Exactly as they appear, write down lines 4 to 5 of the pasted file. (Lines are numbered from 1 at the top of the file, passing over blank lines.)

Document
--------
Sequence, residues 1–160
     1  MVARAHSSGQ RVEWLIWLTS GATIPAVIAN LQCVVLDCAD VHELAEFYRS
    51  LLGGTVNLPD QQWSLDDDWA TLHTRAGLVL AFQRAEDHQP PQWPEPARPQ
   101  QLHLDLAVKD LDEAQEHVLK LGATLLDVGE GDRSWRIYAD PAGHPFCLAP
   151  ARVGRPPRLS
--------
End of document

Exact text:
   101  QLHLDLAVKD LDEAQEHVLK LGATLLDVGE GDRSWRIYAD PAGHPFCLAP
   151  ARVGRPPRLS